Laura Scott is the person behind the labour of love she calls The Childless by Choice Project: a research, book and documentary project on those who are childless by choice in North America.

Laura spent two years on a research road trip to ten of the United States and two Canadian provinces interviewing, filming, and surveying over 170 voluntarily childless/childfree individuals.

"As North Americans continue to delay marriage and childbearing, the assumption of parenthood is losing its grip." Laura observed. "What happens when the question 'When should we have kids?' turns to 'Should we have kids?' The childfree show us."

"I wanted to explore, beyond my own experience in a childless by choice marriage, this decision-making process, and to determine the most compelling motives to remain childfree."

Outside of The Childless by Choice Project, Laura's passion is travelling.

"I get antsy if I stay in one place too long. We're always planning the next trip. Which is why we don't have a pet, unless you count our papier mache dog, Spike. It would be unfair and irresponsible to have a dog now when I can barely keep my plants alive."
We are proud to have Laura as a Regular Contributor and as a member of the Purple WomenTM community.

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December 18, 2006

We All Have Mothers

One of my Purple WomenTM informants was kind enough to send me an article from San Francisco Weekly called New Mother's Work by Eliza Strickland (12/6/2006).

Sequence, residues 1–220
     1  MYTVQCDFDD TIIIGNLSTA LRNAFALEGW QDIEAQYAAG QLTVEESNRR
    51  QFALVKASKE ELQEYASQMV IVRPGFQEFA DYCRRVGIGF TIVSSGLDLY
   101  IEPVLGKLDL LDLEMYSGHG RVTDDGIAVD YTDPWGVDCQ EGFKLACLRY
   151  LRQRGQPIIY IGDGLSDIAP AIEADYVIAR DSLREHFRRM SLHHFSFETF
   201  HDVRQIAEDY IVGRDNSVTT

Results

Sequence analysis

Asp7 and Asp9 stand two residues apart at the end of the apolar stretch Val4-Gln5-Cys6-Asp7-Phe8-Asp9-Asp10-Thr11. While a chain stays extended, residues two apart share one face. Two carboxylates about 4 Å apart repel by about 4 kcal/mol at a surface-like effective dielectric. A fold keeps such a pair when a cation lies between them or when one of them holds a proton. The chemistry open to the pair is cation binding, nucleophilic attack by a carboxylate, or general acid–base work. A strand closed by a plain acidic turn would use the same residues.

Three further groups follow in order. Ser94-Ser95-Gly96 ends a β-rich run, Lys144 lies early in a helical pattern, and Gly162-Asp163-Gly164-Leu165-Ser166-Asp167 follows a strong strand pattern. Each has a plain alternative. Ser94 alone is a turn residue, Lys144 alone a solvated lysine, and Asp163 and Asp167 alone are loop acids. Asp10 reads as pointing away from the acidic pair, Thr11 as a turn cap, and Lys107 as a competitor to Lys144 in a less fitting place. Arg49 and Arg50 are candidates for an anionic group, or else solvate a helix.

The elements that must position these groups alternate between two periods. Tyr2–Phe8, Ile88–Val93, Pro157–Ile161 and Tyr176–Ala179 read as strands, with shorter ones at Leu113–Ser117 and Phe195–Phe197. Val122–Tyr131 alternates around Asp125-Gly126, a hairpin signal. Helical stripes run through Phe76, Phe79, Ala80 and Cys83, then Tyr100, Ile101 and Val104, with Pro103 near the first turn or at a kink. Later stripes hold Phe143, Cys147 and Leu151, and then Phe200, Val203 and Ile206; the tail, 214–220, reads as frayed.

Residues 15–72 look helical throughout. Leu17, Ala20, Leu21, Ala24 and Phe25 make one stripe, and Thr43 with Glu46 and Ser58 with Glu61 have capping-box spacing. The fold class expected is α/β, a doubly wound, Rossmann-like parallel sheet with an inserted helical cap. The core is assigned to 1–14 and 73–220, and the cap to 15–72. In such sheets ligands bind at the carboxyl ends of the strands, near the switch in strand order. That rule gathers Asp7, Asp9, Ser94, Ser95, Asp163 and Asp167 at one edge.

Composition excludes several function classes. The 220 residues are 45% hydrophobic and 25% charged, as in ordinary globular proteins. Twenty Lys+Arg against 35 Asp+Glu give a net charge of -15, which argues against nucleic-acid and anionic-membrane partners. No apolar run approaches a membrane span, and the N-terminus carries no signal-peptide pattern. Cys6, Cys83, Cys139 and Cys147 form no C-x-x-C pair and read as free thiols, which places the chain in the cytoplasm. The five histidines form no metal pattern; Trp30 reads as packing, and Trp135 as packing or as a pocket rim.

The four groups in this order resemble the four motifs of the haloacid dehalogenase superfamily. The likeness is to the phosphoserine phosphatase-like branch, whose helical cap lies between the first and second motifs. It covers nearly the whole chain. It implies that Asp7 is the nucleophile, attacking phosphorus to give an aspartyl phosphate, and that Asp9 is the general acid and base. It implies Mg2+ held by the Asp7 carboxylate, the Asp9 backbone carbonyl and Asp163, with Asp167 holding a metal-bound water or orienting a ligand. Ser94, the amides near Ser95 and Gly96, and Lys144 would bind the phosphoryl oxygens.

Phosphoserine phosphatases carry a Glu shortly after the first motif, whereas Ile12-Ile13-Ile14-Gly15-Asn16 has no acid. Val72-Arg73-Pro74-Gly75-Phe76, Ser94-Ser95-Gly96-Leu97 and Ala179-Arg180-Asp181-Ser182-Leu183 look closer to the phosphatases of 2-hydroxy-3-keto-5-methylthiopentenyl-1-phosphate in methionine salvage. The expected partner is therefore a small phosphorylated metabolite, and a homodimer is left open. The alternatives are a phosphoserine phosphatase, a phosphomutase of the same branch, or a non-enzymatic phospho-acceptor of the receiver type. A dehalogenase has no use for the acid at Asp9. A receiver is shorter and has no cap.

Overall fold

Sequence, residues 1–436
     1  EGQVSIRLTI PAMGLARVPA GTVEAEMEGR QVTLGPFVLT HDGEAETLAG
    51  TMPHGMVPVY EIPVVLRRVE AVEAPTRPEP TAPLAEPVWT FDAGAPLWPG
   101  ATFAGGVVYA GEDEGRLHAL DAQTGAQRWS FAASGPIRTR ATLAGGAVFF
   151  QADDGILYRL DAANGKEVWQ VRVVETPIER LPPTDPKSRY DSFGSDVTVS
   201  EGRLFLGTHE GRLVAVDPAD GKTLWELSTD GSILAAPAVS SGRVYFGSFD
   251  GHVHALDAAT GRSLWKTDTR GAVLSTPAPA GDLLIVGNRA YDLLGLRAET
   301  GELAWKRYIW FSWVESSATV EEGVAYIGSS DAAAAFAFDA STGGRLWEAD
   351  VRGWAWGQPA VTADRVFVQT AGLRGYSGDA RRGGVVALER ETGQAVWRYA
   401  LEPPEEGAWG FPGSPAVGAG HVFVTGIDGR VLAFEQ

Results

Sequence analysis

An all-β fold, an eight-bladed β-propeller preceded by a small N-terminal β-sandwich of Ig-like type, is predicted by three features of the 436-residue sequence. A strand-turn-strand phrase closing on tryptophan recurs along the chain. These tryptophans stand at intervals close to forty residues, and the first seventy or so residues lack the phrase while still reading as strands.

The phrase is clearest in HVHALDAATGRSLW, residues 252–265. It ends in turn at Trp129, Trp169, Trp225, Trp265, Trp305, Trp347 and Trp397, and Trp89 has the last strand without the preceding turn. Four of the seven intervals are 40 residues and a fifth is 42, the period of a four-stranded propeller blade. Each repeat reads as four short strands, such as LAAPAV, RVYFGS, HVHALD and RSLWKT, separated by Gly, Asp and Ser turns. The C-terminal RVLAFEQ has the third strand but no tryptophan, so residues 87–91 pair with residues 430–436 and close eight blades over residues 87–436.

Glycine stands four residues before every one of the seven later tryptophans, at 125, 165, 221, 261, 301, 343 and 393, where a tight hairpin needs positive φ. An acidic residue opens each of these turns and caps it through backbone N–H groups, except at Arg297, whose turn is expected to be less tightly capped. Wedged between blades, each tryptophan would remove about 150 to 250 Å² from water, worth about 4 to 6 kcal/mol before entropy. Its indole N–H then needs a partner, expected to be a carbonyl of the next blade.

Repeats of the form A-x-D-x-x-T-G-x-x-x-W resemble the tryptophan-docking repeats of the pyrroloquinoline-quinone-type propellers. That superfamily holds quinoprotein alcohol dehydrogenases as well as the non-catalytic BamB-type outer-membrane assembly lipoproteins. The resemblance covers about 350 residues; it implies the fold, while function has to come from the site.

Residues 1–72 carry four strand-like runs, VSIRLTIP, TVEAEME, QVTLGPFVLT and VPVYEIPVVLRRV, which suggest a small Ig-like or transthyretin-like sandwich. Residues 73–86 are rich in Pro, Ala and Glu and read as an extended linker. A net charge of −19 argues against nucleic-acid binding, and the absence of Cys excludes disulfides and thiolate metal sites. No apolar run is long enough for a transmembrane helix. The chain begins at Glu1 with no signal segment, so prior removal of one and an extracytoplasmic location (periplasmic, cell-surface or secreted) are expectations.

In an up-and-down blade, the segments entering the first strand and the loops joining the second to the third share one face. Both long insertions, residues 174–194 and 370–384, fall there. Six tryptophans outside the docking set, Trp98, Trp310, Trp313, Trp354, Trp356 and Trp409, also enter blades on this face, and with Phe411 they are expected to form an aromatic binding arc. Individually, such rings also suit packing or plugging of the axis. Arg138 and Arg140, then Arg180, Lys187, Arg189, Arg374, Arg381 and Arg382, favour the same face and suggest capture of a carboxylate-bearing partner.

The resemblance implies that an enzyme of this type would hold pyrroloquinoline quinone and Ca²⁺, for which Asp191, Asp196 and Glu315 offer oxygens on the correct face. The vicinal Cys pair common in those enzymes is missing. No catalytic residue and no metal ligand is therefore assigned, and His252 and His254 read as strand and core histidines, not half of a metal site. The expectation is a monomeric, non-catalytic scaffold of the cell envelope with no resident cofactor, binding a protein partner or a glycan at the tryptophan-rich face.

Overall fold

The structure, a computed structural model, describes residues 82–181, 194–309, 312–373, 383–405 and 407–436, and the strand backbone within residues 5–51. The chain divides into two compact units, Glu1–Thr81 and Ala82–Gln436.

The post title above is a quote by Joan Blades, co-founder of a new political action group called Moms Rising. Her co-founder is author Kristin Rowe-Finkbeiner who recently debuted some new data in her first book, The F-Word: Feminism in Jeapoardy:

"For every dollar that a man earns today, a childless woman earns 90 cents — not perfect equality, but close — while mothers earn 73 cents, on average, and single moms earn 60 cents. These numbers represent disparities in hourly wages, so part-time work schedules and unpaid leaves don't skew the statistics."

We childfree have a true workplace advantage. We still don't have pay equity with the men, but I will say her numbers make it look like we've progressed. How we will fare with the pull of this newly realized political organizing is yet to be seen.

When Blades says "we all have mothers," I am reminded of how hard it must have been for my mother, a single mother in the beginning. I need to read more about their agenda, but initially I am captured by their cause - even though I have no intention of raising kids.

Moms Rising could be good for all women. Backers like Sens. Hillary Clinton, Barack Obama and Ted Kennedy would be wise to recognize families of two as they push for new family-friendly legislation and workplace policies. The two should go hand-in-hand.

As Purple WomenTM we are unwitting feminists, whether we like it or not. My question is, are we going to have a voice in the changes that inevitably take place, or will we simply take a backseat to mothers?

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December 13, 2006

Café or the Cafeteria?